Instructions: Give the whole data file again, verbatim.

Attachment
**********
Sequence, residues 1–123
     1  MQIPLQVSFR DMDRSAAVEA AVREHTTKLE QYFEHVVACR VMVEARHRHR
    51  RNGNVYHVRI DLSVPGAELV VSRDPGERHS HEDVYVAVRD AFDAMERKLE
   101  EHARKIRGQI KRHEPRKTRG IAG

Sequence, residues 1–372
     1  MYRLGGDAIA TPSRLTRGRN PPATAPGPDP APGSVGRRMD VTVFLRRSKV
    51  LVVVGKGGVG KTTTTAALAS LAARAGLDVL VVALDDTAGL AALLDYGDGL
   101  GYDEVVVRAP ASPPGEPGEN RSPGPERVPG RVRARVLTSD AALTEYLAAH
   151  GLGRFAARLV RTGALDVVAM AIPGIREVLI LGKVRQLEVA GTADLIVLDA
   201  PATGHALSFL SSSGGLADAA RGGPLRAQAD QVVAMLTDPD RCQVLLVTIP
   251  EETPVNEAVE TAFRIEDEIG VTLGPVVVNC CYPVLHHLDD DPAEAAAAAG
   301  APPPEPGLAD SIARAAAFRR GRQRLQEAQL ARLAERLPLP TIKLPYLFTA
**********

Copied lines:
Sequence, residues 1–123
     1  MQIPLQVSFR DMDRSAAVEA AVREHTTKLE QYFEHVVACR VMVEARHRHR
    51  RNGNVYHVRI DLSVPGAELV VSRDPGERHS HEDVYVAVRD AFDAMERKLE
   101  EHARKIRGQI KRHEPRKTRG IAG

Sequence, residues 1–372
     1  MYRLGGDAIA TPSRLTRGRN PPATAPGPDP APGSVGRRMD VTVFLRRSKV
    51  LVVVGKGGVG KTTTTAALAS LAARAGLDVL VVALDDTAGL AALLDYGDGL
   101  GYDEVVVRAP ASPPGEPGEN RSPGPERVPG RVRARVLTSD AALTEYLAAH
   151  GLGRFAARLV RTGALDVVAM AIPGIREVLI LGKVRQLEVA GTADLIVLDA
   201  PATGHALSFL SSSGGLADAA RGGPLRAQAD QVVAMLTDPD RCQVLLVTIP
   251  EETPVNEAVE TAFRIEDEIG VTLGPVVVNC CYPVLHHLDD DPAEAAAAAG
   301  APPPEPGLAD SIARAAAFRR GRQRLQEAQL ARLAERLPLP TIKLPYLFTA